The following user says Thank You to Barnacle Bill for this post:
Sounds like you are intraday trading. If that is the case, one must make themselves available consistently. Intraday trading should be approached as a full time job that is extraordinarily intensive. Unfortunately for some, not having a " boss" to answer to does not fit thier psychological profile well. As an example; If you worked on a trading desk at Goldman, you would not have this question. I personally miss lunch all together ( today as an example) quite often and have nearly shit my pants when my setup was "close to happening" but took forever- now I use an iPad for those special situations Trading is not as glorious as many imagine it to be as the monotony can be unbearable at times when approached properly. If you cannot be available to trade your timeframe, try moving to a longer one. If you trade from a work computer, consider adding a separate monitor.
The following 3 users say Thank You to Inletcap for this post:
I do not know what time frame you are trading or if this will work for you but here is how I solved the problem:
You say you know what to look for so I assume there are certain conditions that must be met in order for you to enter a trade.
Once some of those conditions are met, enter an order using a stop limit order that will trigger once all conditions are met. You can also attach a bracket order to look after your exits if you like.
If all conditions are not met there will be no order. If all conditions are met you will have a trade. You can review your order from time to time to assure that all conditions will be met and adjust it according to your plan.
It is hard to find the Truth when you start your search with a preconceived notion of what the Truth will be.
1) If you're simply waiting for the setup to trigger, you could set a price alert with your broker (a few have the ability to send you a SMS when it triggers), so when you get the price alert, you can turn on your data feed, see if you like the trade and then put in your order. For example, let's say you wanted to short the EURUSD, but you were only interested if there was a possible double top at 1.0830, then set your alert to notify when when price hits maybe 1.0825, and when you get the alert, then you "get to work" so to say.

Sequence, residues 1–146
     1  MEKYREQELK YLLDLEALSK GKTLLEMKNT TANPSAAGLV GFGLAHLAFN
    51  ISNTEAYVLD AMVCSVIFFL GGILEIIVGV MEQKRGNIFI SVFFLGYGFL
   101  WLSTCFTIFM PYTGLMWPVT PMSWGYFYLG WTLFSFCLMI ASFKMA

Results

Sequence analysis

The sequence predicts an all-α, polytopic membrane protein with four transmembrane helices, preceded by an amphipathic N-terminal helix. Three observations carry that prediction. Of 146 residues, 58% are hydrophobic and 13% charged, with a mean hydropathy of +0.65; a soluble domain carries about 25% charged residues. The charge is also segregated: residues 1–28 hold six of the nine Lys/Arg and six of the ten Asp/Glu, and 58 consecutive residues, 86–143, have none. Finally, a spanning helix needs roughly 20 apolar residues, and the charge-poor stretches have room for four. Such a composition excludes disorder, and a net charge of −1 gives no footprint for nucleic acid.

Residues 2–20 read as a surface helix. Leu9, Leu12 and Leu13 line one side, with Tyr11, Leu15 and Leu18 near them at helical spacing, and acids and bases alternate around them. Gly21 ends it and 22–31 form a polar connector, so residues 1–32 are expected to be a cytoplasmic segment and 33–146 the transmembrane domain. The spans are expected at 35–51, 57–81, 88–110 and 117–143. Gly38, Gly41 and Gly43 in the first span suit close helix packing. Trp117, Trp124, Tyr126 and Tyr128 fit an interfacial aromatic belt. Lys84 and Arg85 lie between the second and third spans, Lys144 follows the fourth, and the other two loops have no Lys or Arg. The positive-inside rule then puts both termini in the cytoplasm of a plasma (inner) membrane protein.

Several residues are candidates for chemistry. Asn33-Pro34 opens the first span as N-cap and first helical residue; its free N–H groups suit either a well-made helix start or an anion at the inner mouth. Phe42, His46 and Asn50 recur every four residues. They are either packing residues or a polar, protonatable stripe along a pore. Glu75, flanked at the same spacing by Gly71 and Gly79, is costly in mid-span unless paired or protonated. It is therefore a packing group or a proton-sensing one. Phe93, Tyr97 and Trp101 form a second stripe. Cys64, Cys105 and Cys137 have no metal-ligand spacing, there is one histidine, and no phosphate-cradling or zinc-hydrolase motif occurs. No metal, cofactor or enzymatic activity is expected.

2. Maybe consider using options to express your trade idea. With options, with the nature of how the pricing with delta works, your price needs to be less precise because the price isn't changing nearly as fast for the at the money or near the money options. That way you are still in the trade, but you don't have to obsess about missing the perfect price as much as 1-3 ticks which may invalidate the trade if you were trading the underlying.
I found an indicator that runs very closely to when my setups will arise and programmed a ring for a buy or a ding for a short. Once I hear one of them I know to check my charts because I know a set up is approaching very fast. I still miss one here and there but its much better than before especially when each trade maters.
Sorry to wake up a semi old thread but I felt like the tid bit of info was important enough.